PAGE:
MONTEBELLO, Calif. – Wilbur Curtis Co., an industry leader in the design and manufacturing of coffee and tea brewing equipment, has pledged $250,000 to the University of California, Davis to support the university’s expanding Coffee Center. The donation is the first by Wilbur Curtis to a major academic institution.
The UC Coffee Center will be the first multidisciplinary university research center in the world devoted to post-harvest research of coffee. By applying a rigorous academic framework to research and education in coffee science the center is slated to elevate the entire coffee industry.
“With over 75 years of coffee knowledge under our belts, we know that, with the help of UC Davis, the next 75 years will bring us an enhanced understanding of coffee that will continue to revolutionize the industry and benefit our customers,” said Patrick Curtis, the company’s business development manager. “We are excited to partner with the UC Davis Coffee Center to help advance our knowledge of the most popular beverage on the planet.”
The gift will contribute to the renovation of a 6,000-square-foot building for the new Coffee Center, which will include a pilot roastery, an experimental green bean storage facility, a sensory analysis laboratory, advanced analytical labs, as well as classroom and office space. An outdoor patio event space, intended to host coffee tastings and coffee-industry events, will be named in Curtis’ honor.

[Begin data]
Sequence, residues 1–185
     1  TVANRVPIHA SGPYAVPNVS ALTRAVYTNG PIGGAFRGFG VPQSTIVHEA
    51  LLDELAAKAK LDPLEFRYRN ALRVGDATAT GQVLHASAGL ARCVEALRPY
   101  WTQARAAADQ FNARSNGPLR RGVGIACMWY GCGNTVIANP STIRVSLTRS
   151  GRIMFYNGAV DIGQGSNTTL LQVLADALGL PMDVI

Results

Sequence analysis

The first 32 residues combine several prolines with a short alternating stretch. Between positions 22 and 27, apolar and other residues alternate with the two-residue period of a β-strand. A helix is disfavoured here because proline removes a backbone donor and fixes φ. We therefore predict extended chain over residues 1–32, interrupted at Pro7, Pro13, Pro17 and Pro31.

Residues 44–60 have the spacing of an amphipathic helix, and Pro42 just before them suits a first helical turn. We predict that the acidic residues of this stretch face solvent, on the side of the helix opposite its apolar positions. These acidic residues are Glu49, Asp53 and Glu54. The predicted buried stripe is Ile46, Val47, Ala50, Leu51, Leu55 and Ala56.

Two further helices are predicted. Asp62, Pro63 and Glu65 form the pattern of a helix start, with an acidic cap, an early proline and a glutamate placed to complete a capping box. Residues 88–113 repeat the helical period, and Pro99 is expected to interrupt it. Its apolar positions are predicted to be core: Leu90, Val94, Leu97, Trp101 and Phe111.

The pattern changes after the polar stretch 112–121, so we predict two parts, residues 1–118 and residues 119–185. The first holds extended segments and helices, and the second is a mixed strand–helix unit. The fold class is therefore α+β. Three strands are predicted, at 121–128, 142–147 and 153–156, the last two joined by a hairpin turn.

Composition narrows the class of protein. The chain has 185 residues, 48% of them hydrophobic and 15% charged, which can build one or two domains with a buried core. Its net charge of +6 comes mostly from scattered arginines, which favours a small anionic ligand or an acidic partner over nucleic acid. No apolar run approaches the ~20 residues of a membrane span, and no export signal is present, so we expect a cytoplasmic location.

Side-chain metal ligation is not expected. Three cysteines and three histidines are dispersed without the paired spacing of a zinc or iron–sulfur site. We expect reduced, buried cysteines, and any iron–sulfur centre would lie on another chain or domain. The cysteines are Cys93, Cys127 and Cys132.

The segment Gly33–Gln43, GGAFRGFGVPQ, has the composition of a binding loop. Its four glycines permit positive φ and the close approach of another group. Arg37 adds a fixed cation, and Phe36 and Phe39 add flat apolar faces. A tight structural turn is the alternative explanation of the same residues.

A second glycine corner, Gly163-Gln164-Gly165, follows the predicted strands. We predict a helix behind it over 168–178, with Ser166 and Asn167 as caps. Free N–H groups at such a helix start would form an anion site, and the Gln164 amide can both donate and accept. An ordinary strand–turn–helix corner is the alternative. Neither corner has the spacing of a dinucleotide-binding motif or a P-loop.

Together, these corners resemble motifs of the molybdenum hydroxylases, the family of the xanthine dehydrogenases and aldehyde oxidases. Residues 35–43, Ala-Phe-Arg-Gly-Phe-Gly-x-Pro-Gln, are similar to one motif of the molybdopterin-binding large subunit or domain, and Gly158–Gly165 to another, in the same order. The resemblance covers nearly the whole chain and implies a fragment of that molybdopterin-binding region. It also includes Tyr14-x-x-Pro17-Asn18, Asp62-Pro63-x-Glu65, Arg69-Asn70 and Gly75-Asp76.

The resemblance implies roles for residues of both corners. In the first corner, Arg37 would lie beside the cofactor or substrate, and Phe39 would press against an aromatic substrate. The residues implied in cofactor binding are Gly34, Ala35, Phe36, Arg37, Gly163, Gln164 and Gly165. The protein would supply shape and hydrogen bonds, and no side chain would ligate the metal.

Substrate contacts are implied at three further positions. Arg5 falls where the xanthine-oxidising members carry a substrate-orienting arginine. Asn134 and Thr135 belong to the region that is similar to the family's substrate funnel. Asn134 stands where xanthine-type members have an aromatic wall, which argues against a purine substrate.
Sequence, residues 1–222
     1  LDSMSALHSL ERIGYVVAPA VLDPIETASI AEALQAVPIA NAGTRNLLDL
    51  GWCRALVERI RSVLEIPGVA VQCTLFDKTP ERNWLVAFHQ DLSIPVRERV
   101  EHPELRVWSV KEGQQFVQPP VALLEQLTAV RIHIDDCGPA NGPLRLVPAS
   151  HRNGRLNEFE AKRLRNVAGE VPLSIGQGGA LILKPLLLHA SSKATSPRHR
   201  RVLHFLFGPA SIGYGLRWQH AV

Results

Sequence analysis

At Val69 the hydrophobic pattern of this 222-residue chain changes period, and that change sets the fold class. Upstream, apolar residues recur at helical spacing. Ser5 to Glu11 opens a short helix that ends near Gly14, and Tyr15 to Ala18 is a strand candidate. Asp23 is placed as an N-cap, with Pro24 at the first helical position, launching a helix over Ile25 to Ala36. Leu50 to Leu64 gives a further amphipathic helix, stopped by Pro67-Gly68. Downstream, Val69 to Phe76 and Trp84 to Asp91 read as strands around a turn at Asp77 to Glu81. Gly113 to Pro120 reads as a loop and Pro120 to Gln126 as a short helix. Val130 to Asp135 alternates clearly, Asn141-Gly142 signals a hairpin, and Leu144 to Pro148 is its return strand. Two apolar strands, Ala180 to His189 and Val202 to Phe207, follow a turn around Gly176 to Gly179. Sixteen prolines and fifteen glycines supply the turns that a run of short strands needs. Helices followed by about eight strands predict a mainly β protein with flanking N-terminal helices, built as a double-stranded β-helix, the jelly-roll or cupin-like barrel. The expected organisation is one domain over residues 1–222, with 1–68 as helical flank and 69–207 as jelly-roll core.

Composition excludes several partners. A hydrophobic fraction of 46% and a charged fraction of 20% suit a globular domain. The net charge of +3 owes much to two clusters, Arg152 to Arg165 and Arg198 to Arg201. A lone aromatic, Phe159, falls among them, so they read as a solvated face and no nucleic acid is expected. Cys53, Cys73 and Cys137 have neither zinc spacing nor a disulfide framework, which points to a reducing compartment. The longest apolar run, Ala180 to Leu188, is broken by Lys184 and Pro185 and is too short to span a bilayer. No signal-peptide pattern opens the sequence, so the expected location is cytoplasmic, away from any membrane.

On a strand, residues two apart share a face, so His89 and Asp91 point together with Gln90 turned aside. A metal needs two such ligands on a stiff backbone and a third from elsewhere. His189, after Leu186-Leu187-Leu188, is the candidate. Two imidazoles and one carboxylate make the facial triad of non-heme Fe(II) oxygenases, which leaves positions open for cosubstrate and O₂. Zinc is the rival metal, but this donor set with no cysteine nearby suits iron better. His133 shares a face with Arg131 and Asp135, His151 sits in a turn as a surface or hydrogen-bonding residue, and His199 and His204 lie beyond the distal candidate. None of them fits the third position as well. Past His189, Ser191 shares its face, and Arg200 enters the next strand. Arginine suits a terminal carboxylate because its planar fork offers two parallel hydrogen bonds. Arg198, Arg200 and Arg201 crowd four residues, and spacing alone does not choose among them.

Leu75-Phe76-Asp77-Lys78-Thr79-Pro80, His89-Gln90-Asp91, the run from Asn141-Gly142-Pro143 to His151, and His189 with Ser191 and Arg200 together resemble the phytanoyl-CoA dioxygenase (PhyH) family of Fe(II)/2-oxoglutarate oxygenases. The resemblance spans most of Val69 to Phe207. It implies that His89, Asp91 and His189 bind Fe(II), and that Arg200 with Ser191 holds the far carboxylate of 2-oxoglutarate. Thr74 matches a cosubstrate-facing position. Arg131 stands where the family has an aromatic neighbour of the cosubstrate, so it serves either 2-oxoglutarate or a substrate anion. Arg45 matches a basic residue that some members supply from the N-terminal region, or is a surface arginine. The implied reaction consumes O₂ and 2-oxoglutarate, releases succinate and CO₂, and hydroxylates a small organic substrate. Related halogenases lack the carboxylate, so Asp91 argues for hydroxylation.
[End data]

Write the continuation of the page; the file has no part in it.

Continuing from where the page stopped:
A leader in the foodservice industry for over 75 years, the Wilbur Curtis Company is a premier manufacturer of state-of-the-art coffee and tea brewing equipment, including the world-renowned Gemini® and ThermoPro® G4 Brewing Systems, and the Curtis Gold Cup™ single cup coffee brewer.
Photo: Professor William Ristenpart (center) with students in UC Davis’ “Design of Coffee” class. The popular class uses coffee roasting and brewing to teach basic principles of chemical engineering. It is part of the recently established UC Davis Coffee Center, which aims to expand research and teaching on post-harvest coffee. Photo credit: Gregory Urquiaga, UC Davis.